Revisiting Relational Youth Ministry: From a Strategy of Influence to a Theology of Incarnation

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InterVarsity Press, Oct 8, 2007 - Religion - 221 pages
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Relational youth ministry, also known as incarnational ministry, can feel like a vicious cycle of guilt: "I should be spending time with kids, but I just don't want to." The burden becomes heavy to bear because it is never over; adolescents always seem to need more relational bonds, and once one group graduates there is a new group of adolescents who need relational contact. It may be that the reason these relationships have become burdensome is that they have become something youth workers do, rather than something that youth workers enter into. In Revisiting Relational Youth Ministry, Andrew Root explores the origins of a dominant ministry model for evangelicals, showing how American culture has influenced our understanding of the incarnation. Drawing from Dietrich Bonhoeffer, whose work with German youth in troubled times shaped his own understanding of how Jesus intersects our relationships, Root recasts relational ministry as an opportunity not to influence the influencers but to stand with and for those in need. True relational youth ministry shaped by the incarnation is a commitment to enter into the suffering of all, to offer all those in high school or junior high the solidarity of the church.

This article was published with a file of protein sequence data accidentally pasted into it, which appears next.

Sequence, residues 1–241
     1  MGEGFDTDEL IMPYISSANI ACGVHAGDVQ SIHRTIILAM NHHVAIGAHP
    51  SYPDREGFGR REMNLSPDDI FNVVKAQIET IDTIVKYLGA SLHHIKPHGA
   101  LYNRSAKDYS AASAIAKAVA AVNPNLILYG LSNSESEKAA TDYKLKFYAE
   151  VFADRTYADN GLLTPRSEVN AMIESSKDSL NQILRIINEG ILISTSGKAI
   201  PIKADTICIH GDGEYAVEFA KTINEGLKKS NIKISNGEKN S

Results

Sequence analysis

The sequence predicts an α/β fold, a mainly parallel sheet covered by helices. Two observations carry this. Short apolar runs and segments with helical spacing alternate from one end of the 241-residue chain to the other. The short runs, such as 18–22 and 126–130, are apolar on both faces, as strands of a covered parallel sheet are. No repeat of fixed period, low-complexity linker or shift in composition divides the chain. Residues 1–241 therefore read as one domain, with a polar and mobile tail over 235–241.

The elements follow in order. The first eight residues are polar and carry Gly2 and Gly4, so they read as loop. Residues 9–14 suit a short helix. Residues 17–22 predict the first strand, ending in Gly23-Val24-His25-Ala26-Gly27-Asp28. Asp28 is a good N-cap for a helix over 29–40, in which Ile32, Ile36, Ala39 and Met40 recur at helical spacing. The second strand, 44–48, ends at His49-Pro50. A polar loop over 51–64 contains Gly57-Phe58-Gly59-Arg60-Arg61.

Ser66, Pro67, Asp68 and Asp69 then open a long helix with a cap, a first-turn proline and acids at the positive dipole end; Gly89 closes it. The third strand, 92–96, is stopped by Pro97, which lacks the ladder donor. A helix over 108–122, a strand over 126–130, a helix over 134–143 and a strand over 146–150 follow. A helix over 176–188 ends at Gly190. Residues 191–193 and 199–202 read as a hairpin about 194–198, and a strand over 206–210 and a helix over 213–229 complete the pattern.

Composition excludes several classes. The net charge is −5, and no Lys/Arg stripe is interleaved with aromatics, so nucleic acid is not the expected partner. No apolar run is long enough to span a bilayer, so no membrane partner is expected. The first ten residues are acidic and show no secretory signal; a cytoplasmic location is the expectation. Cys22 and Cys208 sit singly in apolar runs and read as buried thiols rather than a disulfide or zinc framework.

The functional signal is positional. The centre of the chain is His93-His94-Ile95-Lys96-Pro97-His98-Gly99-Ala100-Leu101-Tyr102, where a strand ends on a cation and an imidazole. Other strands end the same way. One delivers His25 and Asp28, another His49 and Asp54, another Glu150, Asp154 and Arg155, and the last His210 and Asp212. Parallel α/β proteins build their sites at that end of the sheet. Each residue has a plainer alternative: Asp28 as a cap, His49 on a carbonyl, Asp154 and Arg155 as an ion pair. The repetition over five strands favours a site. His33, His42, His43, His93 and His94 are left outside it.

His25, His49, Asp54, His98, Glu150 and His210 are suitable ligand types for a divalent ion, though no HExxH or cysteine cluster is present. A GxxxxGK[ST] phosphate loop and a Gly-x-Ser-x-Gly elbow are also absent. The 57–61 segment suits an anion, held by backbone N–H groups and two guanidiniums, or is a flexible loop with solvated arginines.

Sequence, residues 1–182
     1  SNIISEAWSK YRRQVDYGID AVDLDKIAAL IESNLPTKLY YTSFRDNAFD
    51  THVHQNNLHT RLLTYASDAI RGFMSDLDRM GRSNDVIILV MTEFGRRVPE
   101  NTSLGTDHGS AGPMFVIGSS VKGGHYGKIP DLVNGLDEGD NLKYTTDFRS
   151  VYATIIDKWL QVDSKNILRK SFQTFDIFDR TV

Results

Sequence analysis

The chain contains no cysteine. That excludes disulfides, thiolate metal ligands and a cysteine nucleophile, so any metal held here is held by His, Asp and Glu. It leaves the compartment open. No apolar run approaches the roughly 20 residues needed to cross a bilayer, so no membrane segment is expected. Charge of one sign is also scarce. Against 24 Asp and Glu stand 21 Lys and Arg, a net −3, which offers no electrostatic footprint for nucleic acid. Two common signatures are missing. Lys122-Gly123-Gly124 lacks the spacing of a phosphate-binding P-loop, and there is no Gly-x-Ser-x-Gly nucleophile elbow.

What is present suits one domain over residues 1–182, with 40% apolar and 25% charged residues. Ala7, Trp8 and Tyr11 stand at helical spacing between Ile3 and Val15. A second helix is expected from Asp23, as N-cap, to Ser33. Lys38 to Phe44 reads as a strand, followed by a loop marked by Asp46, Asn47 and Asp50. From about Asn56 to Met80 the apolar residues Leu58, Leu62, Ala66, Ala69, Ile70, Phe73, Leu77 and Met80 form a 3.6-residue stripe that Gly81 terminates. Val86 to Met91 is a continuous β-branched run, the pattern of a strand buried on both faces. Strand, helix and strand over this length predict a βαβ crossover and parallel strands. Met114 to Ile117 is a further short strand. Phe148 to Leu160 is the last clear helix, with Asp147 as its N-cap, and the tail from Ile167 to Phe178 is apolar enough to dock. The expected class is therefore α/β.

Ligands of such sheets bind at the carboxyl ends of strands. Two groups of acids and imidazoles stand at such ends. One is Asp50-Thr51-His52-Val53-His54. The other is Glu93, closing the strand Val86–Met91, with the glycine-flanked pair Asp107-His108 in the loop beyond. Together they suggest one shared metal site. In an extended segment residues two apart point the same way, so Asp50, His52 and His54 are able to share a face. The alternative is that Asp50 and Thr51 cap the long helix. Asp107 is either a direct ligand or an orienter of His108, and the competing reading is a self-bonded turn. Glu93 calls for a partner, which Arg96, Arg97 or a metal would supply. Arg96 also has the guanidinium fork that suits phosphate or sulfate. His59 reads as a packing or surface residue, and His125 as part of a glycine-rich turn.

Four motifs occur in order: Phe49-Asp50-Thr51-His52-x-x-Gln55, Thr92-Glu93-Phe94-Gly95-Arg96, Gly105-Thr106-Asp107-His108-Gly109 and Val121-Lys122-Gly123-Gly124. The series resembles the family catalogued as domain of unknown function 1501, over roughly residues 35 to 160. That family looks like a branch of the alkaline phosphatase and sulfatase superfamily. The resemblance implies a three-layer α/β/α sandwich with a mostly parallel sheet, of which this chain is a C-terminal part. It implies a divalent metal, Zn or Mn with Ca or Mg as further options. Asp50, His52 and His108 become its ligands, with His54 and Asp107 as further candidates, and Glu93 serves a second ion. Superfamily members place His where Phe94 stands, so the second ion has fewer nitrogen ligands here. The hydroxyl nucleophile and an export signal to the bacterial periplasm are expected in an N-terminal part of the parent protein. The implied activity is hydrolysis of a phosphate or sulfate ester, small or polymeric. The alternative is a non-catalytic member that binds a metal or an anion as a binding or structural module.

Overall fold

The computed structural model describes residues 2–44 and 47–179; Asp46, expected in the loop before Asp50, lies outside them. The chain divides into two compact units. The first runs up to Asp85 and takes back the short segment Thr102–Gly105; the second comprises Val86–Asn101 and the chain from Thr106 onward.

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Contents

Preface
9
The Historical Ascent of Relational Ministry
25
The Historical Ascent of Relational Ministry
40
Our Relational Motivations
62
Part Two
81
What Then Shall We
124
How PlaceSharing Works
142
Picturing Relational Transformation
166
Rules of Art for PlaceSharing in Community
197
Appendix
218
Copyright

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About the author (2007)

Andrew Root (Ph.D., Princeton Theological Seminary) is in the Baalson Olson Chair as associate professor of youth and family ministry at Luther Seminary (St. Paul, MN). A former Young Life staffworker, he has served in churches and social service agencies as a youth outreach associate and a gang prevention counselor.

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